I only did the refuge at 4800m the summit was covered in snow when we went and needed some proper equipment .. I was only on a day trip so in shorts and t-shirt

Despite my recent weight gain since I retired from athletics and football I'd class my fitnes as quite good ( I did the 3 peaks with no problem) but seriously that altitude makes you breathe like darth Vader and I find it hard going ..

Personally I find it's best to wear loads of layers , can get some lightweight and thin windproof base layers in snow and rock and they are perfect for keeping you warm ... Then get these sweatshirt type tops that are breathable and smell proof (the brand escapes me at the mo )You'll end up sweating a lot and taking some layers off but personally I prefer that to thick clothing ... Socks are the most vital thing for me not just warmth but comfort and anti blister ... It hurts paying £30 for a pair of socks but for me it was the best money I spent ( though Im hiking rather than climbing as you will be )

Just writing this is giving me the urge to go hike up a mountain , the fresh air , the quietness , the sense of achievement when you reach a summit ... Im quite jealous of you right about now , Make sure you update me of your progress and good luck with it all

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Cheers Tony will do. Im with you on the multiple layers thing though its hard to strip them off when you're wearing all the gear I would think. The clothing conundrum is starting to seem harder than the giving up ciggies bit!

Can you recommend a decent mid budget brand?

You should come with mate.

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Believe me, I'm not going in to anything blind. I've read the numbers. Up to a thousand have died climbing Mont Blanc alone.

Absolutely fair play to you mate and I wish you the best of luck with it all, but I'd have to put this in the 'things you don't get' thread.

I'm not doubting the feeling of accomplishment, achievement and the enormous sense of pride you must feel, but for me, none of that could possibly be worth risking my life.

Out of interest, the people that rescue people from mountains, are they keen mountain climbers themselves or do they just rescue people? I just picture the same fireman climbing a ladder to get that same cat out of the tree over and over again. :lol:

As I say, good luck with it anyway. Keep us updated!

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I just picture the same fireman climbing a ladder to get that same cat out of the tree over and over again. Laughing

:-)

my rescue cost Amex close on £3.5k

I've often wondered how they will feel If I ever have to get rescued again due to altitude sickness ... I renew my policy with them every year ( i sort of feel I owe them :-) ) and they haven't specifically said stay the **** of mountains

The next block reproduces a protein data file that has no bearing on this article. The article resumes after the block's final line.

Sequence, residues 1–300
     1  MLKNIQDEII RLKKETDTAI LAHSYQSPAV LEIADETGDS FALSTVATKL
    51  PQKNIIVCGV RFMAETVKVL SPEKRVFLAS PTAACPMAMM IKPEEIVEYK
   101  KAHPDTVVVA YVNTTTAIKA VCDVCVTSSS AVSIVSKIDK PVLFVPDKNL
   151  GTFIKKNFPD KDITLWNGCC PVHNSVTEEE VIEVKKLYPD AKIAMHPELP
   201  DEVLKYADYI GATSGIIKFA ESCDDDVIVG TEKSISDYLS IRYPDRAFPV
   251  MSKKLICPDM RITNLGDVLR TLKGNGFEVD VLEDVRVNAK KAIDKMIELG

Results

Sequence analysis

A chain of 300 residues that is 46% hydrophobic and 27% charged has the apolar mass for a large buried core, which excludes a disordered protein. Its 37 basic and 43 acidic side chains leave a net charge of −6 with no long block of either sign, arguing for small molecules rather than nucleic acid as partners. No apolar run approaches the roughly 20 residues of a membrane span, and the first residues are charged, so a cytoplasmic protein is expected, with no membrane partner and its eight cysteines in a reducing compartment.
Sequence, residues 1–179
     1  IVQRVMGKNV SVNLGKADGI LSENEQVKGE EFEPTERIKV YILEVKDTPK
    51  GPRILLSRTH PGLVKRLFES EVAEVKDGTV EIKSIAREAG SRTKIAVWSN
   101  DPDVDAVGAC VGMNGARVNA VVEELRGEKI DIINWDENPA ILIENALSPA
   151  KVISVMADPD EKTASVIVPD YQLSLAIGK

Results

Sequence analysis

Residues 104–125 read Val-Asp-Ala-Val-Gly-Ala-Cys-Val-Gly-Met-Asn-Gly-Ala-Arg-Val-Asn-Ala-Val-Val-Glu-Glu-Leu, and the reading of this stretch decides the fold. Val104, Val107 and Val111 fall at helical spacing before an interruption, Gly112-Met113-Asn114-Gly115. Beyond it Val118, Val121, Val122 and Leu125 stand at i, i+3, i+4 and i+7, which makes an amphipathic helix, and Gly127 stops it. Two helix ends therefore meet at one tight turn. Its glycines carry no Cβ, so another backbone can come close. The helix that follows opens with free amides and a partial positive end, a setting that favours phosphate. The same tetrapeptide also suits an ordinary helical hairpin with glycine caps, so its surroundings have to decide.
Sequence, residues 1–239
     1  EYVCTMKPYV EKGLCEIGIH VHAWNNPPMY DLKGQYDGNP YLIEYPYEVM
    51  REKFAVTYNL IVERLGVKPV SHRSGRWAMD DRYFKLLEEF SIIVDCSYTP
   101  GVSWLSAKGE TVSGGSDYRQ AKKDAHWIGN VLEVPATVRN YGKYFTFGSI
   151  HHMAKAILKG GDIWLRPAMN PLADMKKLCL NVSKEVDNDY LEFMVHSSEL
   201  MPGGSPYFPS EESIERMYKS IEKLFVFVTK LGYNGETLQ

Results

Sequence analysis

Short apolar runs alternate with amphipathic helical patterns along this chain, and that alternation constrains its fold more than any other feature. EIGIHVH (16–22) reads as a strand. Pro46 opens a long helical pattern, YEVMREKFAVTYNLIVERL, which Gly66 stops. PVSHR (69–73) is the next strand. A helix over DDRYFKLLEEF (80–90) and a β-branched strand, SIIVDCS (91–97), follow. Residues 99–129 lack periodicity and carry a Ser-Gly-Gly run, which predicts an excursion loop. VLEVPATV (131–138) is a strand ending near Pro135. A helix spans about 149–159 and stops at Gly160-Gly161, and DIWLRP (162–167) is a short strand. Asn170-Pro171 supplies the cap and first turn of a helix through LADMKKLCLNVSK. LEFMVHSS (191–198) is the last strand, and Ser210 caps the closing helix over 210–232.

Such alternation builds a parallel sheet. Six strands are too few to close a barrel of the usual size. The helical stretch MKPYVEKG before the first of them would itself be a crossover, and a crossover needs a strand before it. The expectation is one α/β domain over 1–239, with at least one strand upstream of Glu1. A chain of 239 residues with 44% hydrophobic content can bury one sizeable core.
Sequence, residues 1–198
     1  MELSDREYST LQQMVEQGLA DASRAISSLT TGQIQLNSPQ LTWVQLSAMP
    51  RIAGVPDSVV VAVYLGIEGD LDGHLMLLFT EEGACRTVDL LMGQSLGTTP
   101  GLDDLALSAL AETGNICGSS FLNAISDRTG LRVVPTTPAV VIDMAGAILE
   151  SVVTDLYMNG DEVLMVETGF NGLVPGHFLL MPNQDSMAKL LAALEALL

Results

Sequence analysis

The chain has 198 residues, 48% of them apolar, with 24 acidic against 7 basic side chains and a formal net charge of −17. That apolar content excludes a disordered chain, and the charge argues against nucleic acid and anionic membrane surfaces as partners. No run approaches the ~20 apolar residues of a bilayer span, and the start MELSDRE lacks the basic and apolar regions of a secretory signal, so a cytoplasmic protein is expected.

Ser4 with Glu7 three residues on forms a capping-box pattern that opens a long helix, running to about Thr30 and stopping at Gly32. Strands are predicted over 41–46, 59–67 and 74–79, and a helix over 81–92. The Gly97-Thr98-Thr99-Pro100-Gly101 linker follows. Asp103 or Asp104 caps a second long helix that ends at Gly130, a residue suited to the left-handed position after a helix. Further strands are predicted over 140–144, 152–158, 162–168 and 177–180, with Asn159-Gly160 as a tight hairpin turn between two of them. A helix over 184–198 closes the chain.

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Go for it, I did a fair bit of rock climbing and a little mountaineering years ago, got to Annapurna Basecamp and up around 16,000 ft into Langtang in Nepal, Did some climbing in Yosemite, N Wales, the Lake District and in Bavaria, I always wanted to do something bigger myself, I liked the big granite walls like up in N Pakistan, as well as here in places like the Bugaboo range. awesome stuff. Had bigger plans than anything that got done in the end but had a lot of fun and met some great people doing it. Got married and haven't put on any climbing boots in years now.

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I'm interested in what kind of clothing I should wear for my trip?

Bermuda shorts, a Frankie says relax t-shirt, a scarf (I know t-shirts and scarf's are the uniform of the spaz but it could be cold up there), some flip flops and a hat with corks dangling by bits of string.

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I'm interested in what kind of clothing I should wear for my trip?

Bermuda shorts, a Frankie says relax t-shirt, a scarf (I know t-shirts and scarf's are the uniform of the spaz but it could be cold up there), some flip flops and a hat with corks dangling by bits of string.

Just for you I'm going to summit Mont Blanc and reveal a Frankie Says Relax t-shirt. You can get **** if you think I'm going to be stripping my jacket off at the top of Everest for you though!

Training going well. It's amazing how quickly the human body can get into decent cardiovascular shape.

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I've done Everest Base Camp, and whilst amazing it put me off ever wanting to climb Everest, (which I'd wanted to do since I can remember)

Altitude sickness?

Yeah but just the little things, I couldn't sleep, would literally wake up every 2 minutes with a mouth dryer than Oscar Wilde. Had no appetite at all, which meant I lacked energy towards the end as I wasn't eating. I reckon I'd be a liability from 6k upwards